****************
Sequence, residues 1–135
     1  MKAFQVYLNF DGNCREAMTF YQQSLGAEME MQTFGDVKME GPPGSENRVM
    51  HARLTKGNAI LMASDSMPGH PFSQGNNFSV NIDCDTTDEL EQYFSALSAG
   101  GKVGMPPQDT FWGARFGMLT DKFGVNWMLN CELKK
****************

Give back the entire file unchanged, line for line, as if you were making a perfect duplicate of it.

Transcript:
Sequence, residues 1–135
     1  MKAFQVYLNF DGNCREAMTF YQQSLGAEME MQTFGDVKME GPPGSENRVM
    51  HARLTKGNAI LMASDSMPGH PFSQGNNFSV NIDCDTTDEL EQYFSALSAG
   101  GKVGMPPQDT FWGARFGMLT DKFGVNWMLN CELKK